The story of Rip Van Winkle by Washington Irving was poignant for King. He lifted up the fact that as the character went up one of the Catskill Mountains to get away from his nagging wife and the drudgery of work, a picture of King George III of England was posted on a sign at the town’s inn; but when he came down from the mountain, twenty years later, after falling asleep from some powerful moonshine, a picture of George Washington was on the sign. According to King, the essence of the story was not the length of time Van Winkle had slept or that his wife was dead or he had a son who bore his name—oh, no! Rather, it was that “he had slept through a revolution that would alter the course of human history”! Van Winkle had slept through a revolution! Today, we, too, are sleeping through a revolution in our midst. Awake!

Awake! Before it is too late!

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Original Intent of the Second Amendment

It is very clear to me that the Second Amendment to the Constitution of the United States was not a provision for the individual citizen to own and carry arms. Rather, it was obviously a collective right to defend the nation’s independence and to preserve the constitution. Following on the heels of the American Revolution, a major concern for the members of this young country was to make sure that other nations would not try to take over and to guard against our own government from becoming tyrannous. Consequently, states were given the ability to have armed citizens who would together serve to protect the state and the nation from attempted coups and sedition.

The interpretation of the Second Amendment as a permission for citizens to own guns for their individual pleasure, for sport, for intimidation and threat, and for the protection of personal property is a blatant misconstrual of its meaning and purpose. The beginning of the amendment is clearly a statement of intent, and not simply an example picked willy-nilly by James Madison or Thomas Jefferson. The express direction is in defense of the democratic republic and not for citizens to stockpile arsenals of any and every kind for whatever tacit reason.

Today, the right to bear arms is mostly defended as an individual right with no regulation or infringement by government. That perspective reveals a distorted version of history and does not reflect the collective nature of the statement. After all, why would there be any discussion of a militia, if the purpose were to affirm and ensure a recreational and/or vindictive individual activity? The reason why militia is in the statement is simply because it is referring as a whole to the collective defense of the rights and liberties of the new republic.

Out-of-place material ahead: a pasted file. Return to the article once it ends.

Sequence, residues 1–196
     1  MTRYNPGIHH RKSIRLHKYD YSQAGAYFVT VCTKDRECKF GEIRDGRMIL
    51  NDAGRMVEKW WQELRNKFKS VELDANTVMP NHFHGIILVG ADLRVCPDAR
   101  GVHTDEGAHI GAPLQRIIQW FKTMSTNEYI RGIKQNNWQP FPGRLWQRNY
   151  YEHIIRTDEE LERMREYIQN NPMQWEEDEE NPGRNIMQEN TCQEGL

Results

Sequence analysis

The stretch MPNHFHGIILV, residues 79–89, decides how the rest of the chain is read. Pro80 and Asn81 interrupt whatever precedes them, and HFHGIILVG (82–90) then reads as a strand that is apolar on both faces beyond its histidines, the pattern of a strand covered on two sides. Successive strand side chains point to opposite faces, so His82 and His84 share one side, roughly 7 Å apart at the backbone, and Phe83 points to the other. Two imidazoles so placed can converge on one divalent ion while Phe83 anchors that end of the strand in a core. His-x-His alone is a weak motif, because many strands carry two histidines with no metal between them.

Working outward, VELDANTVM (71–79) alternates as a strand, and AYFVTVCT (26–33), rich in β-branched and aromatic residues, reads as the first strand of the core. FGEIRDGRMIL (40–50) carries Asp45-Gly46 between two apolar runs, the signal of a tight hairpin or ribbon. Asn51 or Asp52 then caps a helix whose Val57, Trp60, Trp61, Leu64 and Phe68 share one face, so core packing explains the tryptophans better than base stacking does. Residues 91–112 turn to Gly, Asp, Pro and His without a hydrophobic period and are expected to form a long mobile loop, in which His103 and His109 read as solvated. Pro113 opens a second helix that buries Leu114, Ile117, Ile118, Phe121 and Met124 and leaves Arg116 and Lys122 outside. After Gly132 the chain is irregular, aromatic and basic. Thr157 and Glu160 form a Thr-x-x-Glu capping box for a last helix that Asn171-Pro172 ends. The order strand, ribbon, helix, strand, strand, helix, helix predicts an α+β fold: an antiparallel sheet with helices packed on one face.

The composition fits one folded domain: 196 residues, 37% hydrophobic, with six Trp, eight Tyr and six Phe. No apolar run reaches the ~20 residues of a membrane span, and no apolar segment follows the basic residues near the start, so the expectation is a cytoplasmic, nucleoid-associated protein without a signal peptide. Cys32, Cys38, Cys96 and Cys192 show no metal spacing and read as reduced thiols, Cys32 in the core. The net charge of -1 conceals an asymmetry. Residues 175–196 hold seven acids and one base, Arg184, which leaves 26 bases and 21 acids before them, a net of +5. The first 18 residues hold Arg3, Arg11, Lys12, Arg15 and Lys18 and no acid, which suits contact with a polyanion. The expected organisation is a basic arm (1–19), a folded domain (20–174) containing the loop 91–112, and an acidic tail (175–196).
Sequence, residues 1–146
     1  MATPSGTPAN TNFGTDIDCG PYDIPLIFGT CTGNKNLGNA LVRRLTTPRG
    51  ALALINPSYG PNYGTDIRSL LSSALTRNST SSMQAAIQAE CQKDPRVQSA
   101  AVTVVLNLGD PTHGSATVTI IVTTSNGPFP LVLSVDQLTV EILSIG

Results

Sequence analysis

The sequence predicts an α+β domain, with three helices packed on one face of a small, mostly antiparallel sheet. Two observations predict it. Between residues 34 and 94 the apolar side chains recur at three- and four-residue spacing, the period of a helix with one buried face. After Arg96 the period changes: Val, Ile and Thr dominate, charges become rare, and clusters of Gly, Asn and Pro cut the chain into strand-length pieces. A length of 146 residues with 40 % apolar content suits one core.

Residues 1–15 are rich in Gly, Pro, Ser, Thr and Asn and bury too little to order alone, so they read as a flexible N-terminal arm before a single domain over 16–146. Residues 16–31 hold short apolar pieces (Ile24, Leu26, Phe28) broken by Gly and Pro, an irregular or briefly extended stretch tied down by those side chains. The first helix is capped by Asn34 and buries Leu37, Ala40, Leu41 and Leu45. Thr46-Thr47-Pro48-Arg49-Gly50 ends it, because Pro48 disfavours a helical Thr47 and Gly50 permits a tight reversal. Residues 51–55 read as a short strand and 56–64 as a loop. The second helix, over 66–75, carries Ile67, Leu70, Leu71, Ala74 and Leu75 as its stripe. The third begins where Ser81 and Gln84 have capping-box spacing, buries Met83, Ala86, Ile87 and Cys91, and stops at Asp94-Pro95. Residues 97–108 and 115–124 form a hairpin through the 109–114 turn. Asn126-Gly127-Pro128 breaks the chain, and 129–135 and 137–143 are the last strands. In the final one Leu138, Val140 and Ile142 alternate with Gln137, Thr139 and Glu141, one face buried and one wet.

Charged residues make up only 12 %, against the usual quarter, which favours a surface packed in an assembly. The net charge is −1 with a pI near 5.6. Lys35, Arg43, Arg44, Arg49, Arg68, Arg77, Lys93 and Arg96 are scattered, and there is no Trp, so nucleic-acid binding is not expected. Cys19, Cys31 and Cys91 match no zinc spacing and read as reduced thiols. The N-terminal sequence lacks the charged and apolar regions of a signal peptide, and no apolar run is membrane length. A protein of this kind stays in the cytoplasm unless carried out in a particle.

There are a number of reasons why there is a twenty-first-century debate in this country over the Second Amendment. They all boil down to the politicization of the violence in our society. Despite the fact that violence has declined over the past decade in the nation as a whole, violent incidents in certain communities have increased and mass killings have become more frequent and devastating. The proliferation of gun sales and the increase in accidents demonstrate the emphasis on individual rights, on the one hand, and the stupidity of gun possession, on the other hand. The lobbying efforts of the well-financed National Rifle Association, the acquiescence of elected officials to the NRA, and the feckless decision of the U.S. Supreme Court in 2001 have conspired to promote the amendment as a statement anchoring individual and state’s rights rather than as its original purpose of collective protection of the United States. These misdirected forays in the midst of violence and terror alerts nevertheless fly in the face of the will of the masses of people who express a desire for further gun regulation.

These rigid supports for the faulty interpretation of the amendment forced Pres. Obama to go around them to respond to the majority of the people. Certainly, his executive orders will not end violence, especially while a surfeit of guns are out there and many who have them like to take the law into their own hands or to go on the offensive with them for a multiplicity of excuses. Regardless, a variety of actions need to occur to tackle the proliferation of gun possession and the continuation of gun violence in our society. Obama’s executive order is just the beginning of a renewed effort to tackle this intransigent, multifaceted issue. True to form, opponents of these endeavors are criticizing the president’s and similar others’ actions for selfish, individualistic reasons rather than for the defense and preservation of our democratic republic, i.e., the collective. For this reason, it is understandable why the Lt. Governor of Texas, Dan Patrick, would slip up and call his state “practically a nation-state” during a recent interview with a BBC newsperson on National Public Radio. Clearly, his concern was not for the whole.

Let’s reread the Second Amendment, sharpen up on our understanding of the English language, and grab a few historical references to investigate the shaping of the Bill of Rights. I am confident that an honest and sincere look will seriously call into question the individualistic interpretation and a newfound appreciation for the collective-right view!